The initial positives were made out of Super Sculpey with tooth pick and skewer reinforcements. They were then sealed and mounted for the mold making process. I used Dragon Skin, a platinum cure silicon rubber by Smooth-On, to make brush on rubber molds. Dragon Skin is great because it's incredibly stretchy and strong, so I could peel it off of my Sculpey positives without tearing the molds. It also mixes in a 1/1 ratio by volume, so it was very user friendly to newbies to the art of mold-making like me. I experimented with a thickening agent to make the rubber brush on better (making it a consistency close to vaseline, very fun, actually), but for the most part just used it as it was. The entire process took about 8 hours of active construction, and then I let it cure overnight.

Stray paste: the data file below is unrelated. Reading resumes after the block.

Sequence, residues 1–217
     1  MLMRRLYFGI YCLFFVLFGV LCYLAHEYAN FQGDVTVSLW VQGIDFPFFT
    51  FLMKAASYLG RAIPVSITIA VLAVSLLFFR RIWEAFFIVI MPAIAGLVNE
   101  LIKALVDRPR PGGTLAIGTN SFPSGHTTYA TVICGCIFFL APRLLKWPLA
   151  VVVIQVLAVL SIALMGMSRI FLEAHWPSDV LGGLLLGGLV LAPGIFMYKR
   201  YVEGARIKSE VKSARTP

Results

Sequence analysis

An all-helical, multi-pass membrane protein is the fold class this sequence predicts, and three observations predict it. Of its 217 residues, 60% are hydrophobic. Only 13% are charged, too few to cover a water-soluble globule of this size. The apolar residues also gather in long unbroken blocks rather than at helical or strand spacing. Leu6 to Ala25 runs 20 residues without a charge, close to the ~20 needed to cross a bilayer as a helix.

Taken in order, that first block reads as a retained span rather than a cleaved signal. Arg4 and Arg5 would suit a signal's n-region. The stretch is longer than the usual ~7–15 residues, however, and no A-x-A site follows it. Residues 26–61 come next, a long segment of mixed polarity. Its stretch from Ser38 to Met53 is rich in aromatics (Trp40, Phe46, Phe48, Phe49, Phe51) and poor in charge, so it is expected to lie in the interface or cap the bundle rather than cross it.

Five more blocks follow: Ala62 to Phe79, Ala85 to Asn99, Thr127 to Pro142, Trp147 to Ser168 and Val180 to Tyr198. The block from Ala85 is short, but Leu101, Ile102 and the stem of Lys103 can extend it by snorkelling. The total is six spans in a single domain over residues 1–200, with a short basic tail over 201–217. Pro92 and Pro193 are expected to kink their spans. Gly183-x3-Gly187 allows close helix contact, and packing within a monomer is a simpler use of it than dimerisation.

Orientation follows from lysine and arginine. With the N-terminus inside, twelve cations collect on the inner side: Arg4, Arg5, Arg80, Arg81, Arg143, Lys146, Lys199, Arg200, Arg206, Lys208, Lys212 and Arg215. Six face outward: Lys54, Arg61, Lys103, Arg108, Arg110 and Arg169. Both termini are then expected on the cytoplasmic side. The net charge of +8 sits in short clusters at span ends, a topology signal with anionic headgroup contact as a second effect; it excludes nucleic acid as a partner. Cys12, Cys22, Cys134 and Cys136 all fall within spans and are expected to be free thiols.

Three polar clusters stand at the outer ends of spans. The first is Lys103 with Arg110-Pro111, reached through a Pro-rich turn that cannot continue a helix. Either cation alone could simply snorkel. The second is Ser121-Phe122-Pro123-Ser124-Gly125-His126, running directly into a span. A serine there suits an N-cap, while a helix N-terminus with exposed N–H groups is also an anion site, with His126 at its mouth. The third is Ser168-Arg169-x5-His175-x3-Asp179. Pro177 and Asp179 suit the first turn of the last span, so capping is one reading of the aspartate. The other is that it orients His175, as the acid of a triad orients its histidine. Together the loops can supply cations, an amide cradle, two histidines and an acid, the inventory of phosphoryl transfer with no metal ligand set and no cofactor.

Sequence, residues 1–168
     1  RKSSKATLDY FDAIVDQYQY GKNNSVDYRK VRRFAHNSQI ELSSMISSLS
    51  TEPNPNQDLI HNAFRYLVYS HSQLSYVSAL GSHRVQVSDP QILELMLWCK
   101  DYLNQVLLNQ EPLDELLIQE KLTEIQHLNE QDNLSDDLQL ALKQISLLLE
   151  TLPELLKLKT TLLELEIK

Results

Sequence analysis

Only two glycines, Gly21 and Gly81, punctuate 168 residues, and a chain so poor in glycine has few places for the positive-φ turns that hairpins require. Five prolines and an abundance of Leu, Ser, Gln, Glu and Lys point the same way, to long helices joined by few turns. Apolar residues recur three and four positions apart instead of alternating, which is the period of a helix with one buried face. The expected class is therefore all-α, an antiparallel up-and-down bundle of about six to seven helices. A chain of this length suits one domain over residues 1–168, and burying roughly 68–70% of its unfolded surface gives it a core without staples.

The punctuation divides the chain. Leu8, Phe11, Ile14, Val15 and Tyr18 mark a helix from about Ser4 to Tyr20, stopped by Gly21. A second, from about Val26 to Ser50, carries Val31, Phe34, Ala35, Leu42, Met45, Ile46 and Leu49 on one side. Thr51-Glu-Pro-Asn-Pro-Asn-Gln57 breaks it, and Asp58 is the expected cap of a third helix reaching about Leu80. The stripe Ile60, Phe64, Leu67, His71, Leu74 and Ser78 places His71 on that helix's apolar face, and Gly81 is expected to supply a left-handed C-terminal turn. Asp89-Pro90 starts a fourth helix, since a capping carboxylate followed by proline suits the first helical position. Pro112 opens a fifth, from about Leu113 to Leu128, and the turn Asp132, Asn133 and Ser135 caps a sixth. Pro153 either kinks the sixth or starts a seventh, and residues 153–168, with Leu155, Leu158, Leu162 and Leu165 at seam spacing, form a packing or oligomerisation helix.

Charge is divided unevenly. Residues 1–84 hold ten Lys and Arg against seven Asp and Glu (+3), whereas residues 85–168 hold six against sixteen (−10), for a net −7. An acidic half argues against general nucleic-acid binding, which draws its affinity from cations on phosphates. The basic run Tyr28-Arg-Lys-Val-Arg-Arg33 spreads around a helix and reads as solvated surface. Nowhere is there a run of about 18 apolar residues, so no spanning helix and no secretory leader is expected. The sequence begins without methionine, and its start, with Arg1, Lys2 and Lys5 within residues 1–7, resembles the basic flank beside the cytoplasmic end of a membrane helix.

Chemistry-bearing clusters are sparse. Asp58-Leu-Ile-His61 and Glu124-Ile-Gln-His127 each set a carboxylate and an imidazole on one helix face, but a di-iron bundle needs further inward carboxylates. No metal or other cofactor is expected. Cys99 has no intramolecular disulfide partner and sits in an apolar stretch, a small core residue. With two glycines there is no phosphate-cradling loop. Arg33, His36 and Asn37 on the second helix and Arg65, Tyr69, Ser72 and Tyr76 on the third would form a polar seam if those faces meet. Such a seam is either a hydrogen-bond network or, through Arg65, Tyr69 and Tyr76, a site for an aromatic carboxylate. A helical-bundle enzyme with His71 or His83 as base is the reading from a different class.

De-molding was, well, painful. I knew that while Dragon Skin is very flexible, I would probably lose some of the longer and more fragile spikes in the de-molding process. Except for the six long spikes around the shoulders, all of the initial positives were completely destroyed. So lesson learned, pieces with so many dramatic undercuts and delicate sections probably shouldn't be made with one-piece molds...